Tin Elephant

Tin Elephant, tin sheet, wood, enamel, and matte medium. Inspired by Sir James Emerson Tennent, The Wild Elephant and the Method of Capturing and Taming it in Ceylon. London: Longmans, Green, 1867, and online research.

In 1840 the Philadelphia Tin Toy Manufactory started to make exactly what its name suggests: tin toys. These would sometimes be static and sometimes kinetic, but they would almost always be lithographically decorated or painted with oils. I tried to recreate the same principle of motion as the Pulley Sheep with the wheeled base, but this sculpture is almost completely made of tin, except for the repurposed wheels from a modern toy truck. I did not have the means to lithograph onto the tin, so instead I used a thick layer of enamel to form the white coating. And when I say enamel, I mean two bottles of nail polish, an improvisation that I picked up in a jewelry class.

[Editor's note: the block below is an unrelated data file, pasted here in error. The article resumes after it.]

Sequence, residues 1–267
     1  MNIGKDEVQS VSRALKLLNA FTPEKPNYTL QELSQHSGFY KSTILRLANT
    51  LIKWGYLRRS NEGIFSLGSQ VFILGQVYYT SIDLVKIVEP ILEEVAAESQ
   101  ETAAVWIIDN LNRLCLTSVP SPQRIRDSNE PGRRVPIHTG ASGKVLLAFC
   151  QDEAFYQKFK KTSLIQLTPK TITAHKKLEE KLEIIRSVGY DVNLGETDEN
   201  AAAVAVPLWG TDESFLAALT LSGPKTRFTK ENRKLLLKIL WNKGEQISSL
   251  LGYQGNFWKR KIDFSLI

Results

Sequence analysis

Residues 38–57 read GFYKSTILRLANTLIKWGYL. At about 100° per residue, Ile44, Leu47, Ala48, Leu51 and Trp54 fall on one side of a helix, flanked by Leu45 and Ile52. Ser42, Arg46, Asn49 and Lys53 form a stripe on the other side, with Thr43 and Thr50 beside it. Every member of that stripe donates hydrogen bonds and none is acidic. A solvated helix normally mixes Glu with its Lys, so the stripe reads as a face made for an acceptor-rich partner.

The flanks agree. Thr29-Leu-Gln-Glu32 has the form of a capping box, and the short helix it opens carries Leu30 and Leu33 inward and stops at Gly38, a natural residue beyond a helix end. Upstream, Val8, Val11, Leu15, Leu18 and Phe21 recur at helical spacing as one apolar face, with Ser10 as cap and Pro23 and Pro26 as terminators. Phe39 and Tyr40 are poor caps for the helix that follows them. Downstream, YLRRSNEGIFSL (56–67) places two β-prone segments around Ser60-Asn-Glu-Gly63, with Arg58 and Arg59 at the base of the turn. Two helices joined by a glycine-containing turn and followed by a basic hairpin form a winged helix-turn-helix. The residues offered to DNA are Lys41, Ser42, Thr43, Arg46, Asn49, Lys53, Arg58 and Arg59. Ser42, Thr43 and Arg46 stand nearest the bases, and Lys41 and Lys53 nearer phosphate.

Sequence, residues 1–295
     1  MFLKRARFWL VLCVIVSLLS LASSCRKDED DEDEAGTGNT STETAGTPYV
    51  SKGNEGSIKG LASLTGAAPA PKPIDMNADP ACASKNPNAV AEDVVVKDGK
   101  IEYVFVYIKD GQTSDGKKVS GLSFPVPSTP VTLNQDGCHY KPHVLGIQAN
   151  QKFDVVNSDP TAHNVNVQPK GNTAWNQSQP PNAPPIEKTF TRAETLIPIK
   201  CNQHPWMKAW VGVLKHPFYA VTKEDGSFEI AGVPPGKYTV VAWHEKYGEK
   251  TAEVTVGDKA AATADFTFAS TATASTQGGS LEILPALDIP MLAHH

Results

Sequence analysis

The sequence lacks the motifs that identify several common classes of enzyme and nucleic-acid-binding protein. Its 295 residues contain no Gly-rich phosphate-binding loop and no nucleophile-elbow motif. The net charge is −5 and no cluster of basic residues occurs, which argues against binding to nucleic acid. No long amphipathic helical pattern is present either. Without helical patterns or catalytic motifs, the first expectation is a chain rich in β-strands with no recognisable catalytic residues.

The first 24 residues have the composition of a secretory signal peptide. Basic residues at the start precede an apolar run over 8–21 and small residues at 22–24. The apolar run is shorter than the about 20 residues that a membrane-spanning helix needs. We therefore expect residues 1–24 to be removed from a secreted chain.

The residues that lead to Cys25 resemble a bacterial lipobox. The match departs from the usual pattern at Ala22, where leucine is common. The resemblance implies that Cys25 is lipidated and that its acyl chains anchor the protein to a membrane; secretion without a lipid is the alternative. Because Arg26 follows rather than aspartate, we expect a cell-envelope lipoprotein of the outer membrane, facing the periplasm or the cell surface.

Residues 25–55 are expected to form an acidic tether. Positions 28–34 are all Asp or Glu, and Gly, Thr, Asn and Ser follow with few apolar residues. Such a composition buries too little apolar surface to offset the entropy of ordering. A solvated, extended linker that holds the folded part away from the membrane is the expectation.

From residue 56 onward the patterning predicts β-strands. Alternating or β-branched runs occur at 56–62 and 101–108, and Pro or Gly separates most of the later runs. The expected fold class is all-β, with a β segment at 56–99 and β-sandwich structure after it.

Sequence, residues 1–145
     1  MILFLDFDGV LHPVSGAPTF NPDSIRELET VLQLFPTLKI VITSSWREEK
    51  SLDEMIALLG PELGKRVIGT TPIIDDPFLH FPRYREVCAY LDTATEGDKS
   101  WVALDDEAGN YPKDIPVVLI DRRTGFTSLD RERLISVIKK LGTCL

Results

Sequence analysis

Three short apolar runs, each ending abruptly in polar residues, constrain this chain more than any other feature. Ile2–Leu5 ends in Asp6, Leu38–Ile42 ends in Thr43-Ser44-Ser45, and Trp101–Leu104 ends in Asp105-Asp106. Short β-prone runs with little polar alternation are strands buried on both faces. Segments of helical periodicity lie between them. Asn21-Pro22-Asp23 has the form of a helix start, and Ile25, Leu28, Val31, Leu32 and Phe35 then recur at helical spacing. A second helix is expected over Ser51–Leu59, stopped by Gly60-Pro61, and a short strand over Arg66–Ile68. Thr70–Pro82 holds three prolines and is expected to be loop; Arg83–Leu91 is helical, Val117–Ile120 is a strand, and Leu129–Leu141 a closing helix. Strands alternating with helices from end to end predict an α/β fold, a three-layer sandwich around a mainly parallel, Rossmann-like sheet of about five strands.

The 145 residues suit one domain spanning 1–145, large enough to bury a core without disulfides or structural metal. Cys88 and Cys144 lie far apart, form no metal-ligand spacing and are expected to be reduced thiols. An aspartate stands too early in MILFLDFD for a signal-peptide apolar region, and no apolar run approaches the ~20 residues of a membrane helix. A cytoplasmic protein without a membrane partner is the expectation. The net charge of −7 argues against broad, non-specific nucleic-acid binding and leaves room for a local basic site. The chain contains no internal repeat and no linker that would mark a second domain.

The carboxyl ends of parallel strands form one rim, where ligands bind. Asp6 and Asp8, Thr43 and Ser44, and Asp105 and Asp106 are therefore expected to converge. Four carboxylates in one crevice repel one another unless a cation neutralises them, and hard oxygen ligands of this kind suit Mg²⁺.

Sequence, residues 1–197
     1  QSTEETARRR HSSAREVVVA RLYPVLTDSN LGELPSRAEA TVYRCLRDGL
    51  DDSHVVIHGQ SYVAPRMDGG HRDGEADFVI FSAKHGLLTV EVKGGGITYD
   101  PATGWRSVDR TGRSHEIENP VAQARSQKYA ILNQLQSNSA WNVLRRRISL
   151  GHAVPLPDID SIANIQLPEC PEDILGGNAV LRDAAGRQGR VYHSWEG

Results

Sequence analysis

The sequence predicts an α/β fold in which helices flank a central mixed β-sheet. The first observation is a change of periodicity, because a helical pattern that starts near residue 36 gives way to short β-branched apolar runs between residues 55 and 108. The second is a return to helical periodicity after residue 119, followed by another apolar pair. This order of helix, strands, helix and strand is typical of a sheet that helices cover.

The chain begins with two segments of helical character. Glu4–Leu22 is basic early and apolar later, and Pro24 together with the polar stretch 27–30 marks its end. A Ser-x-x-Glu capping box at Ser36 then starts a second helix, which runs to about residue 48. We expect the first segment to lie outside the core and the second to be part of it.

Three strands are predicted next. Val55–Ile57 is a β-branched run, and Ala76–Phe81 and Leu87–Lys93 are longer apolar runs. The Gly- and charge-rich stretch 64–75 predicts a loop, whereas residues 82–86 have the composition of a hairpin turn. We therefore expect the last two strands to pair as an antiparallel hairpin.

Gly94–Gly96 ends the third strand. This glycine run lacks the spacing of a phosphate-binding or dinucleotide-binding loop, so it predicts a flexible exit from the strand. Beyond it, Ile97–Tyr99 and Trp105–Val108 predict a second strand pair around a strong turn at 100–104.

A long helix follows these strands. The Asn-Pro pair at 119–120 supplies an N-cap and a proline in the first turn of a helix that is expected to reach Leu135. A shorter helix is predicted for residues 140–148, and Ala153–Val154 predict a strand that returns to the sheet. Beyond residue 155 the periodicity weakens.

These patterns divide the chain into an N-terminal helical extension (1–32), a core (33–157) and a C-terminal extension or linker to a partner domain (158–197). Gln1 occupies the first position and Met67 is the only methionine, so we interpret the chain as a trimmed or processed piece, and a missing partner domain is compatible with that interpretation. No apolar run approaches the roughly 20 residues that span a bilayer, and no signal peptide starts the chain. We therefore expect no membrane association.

This is another favorite, mostly because of the elephant’s sweet face, but also because, like my dancing fox, he was based on a paper toy. I love the idea of using paper models to make a sturdy and strong piece of art.